Spirit of Sport Newsletter – Winter 2013-2014
Becoming the first American woman to win gold medals at both the Summer and Winter Paralympic Games is an amazing achievement. Doing it after a setback like Alana Nichols’s is almost implausible. A product of Farmington, New Mexico, Nichols was a star volleyball and softball athlete in high school on her way to a full-ride athletics scholarship.
However, her dreams of collegiate sports stardom were abruptly altered on November 19, 2000.
Nichols and a group of friends were snowboarding in the Colorado backcountry, practicing backflips on makeshift jumps. She had executed the stunt numerous times on land and trampolines, but this particular attempt she over-rotated her body, landing on a slab of rock that was hidden beneath the snow.
Alana’s body ‘tacoed’ over the boulder, the impact injuring her T11 vertebrae and breaking the T10 and T12 in half. She then had to endure a two-hour wait in the snow for rescuers and first responders to arrive.
“It’s hard to find words for what it meant to be paralyzed,” said Nichols. “It wasn’t so much the pain, but trying to process it all. It took a while to wrap my head around it—I went through two years of mourning my loss.”
After years of physical therapy, her life began to feel whole again when she discovered the sport of wheelchair basketball.
Although she was unfamiliar with adaptive sports, Nichols was immediately hooked after watching a five-on-five game on campus at the University of Arizona. After first sitting in a chair for the sport, her natural sporting instincts came rushing back and she quickly became the best player on the team.
Nichols was ready to live again through sport, and her drive would lead her and the rest of Team USA to gold at the 2008 Summer Olympics in Beijing.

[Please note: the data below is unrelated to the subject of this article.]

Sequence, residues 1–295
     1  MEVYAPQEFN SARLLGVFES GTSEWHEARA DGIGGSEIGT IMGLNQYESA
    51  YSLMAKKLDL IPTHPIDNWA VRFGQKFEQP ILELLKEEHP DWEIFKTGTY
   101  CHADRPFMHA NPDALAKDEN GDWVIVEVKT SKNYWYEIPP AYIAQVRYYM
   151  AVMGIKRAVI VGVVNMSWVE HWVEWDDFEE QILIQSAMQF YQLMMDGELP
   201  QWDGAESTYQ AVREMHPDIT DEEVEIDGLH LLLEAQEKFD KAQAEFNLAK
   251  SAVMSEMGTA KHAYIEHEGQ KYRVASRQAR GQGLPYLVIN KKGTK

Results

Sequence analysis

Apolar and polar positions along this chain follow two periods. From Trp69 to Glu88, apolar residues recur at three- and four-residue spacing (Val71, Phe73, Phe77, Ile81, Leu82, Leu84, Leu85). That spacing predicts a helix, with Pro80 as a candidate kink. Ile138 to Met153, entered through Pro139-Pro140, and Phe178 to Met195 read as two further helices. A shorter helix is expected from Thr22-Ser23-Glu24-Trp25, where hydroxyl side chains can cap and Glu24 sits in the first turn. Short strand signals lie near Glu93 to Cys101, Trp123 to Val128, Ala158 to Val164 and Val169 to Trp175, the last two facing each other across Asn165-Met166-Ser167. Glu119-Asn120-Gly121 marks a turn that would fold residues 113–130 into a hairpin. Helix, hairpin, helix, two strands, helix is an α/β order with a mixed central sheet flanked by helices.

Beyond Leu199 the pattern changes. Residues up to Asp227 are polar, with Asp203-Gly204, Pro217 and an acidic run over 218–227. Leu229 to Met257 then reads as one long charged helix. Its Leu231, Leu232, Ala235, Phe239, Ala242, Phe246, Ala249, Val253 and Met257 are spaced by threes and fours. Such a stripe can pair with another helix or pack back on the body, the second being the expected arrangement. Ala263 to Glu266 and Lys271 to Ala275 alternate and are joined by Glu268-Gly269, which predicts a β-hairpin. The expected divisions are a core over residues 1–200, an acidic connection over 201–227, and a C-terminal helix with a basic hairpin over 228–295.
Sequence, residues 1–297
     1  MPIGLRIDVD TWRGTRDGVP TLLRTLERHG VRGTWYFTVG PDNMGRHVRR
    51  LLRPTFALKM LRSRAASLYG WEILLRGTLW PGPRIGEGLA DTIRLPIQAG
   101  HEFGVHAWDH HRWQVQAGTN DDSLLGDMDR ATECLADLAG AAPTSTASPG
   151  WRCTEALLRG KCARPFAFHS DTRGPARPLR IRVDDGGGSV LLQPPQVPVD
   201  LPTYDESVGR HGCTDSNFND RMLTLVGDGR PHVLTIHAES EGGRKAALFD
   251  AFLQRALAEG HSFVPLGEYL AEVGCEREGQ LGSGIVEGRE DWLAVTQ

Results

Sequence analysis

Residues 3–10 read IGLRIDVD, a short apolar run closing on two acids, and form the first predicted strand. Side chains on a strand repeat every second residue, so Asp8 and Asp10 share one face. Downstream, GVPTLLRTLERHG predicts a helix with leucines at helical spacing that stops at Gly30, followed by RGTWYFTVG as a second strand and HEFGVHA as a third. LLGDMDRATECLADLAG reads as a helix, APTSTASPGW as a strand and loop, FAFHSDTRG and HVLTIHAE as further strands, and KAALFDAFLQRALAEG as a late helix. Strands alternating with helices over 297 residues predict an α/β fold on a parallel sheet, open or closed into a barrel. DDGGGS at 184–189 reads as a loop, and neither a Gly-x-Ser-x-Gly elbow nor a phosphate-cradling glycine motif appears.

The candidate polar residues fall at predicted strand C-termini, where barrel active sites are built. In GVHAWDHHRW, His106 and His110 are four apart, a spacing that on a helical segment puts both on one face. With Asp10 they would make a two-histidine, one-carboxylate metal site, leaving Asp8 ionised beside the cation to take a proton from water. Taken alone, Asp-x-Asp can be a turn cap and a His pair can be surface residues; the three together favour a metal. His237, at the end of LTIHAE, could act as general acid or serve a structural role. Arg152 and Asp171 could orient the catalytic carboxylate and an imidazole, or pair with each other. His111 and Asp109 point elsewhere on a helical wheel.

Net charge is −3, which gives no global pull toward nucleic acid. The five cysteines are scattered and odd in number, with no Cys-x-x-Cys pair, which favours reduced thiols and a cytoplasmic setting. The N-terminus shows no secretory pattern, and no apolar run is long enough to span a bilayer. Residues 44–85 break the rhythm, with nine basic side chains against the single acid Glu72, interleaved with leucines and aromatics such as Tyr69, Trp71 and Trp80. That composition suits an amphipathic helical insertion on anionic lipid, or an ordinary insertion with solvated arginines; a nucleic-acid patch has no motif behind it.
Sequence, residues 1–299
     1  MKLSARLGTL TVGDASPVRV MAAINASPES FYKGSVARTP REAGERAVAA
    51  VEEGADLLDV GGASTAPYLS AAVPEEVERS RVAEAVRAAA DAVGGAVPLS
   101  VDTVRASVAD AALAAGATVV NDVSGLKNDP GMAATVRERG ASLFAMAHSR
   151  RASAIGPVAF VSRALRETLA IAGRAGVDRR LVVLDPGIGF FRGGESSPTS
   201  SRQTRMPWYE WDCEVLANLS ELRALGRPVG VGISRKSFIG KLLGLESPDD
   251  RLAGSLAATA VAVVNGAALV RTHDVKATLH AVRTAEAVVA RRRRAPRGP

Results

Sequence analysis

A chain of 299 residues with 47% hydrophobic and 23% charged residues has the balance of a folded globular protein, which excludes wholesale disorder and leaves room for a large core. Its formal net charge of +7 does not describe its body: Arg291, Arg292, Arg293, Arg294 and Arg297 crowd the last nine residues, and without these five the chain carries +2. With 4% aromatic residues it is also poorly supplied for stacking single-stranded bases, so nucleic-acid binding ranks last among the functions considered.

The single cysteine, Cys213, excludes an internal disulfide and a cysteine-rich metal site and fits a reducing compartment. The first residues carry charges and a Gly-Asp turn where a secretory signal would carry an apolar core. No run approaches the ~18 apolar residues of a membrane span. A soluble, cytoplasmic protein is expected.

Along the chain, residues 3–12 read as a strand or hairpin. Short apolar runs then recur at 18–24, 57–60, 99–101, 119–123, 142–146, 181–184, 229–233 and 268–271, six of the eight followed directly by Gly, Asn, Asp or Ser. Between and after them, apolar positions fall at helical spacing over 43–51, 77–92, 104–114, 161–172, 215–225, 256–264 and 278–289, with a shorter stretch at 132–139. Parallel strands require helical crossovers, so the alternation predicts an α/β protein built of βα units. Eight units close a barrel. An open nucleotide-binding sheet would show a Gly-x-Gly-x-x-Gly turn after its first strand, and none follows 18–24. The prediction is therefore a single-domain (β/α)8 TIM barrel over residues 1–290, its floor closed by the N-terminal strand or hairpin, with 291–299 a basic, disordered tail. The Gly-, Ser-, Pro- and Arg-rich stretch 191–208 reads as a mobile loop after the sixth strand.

Soon after, she was ready to return to the mountain and turned her attention to alpine skiing. At the 2010 Winter Olympics in Vancouver she medaled in four different disciplines, winning gold in downhill sitting and giant slalom sitting. This feat allows her to lay claim to being the first American woman to win gold at both a Summer and Winter Paralympic Games.
But her biggest takeaways from her Paralympic successes have nothing to do with medals, records, or prizes.
“I’m so glad to have gained a respect for other cultures and a broader perspective of people around the world,” said Nichols. “I feel fortunate to live in the United States where people with disabilities and adaptive sports are not only respected, but celebrated.”
She says she would like to spread that goodwill to communities of children in underprivileged nations someday.
“I’ve always wanted the chance to give back to the sport that meant so much to me, and to work with others as part of a non-profit group to share my love for sport with others.”
Before that, however, she has at least one more athletic endeavor she would like to pursue: surfing.
“It’s not a Paralympic sport yet, but it could be someday. I love the ocean and always find a place for it in my life.”
In preparation for competing in all five alpine skiing disciplines (downhill, slalom, giant slalom, Super G, and combined) at Sochi, Alana has been living and training at the Colorado Springs Olympic Training Center. Follow her path to Paralympic glory on Twitter at @alananichols21.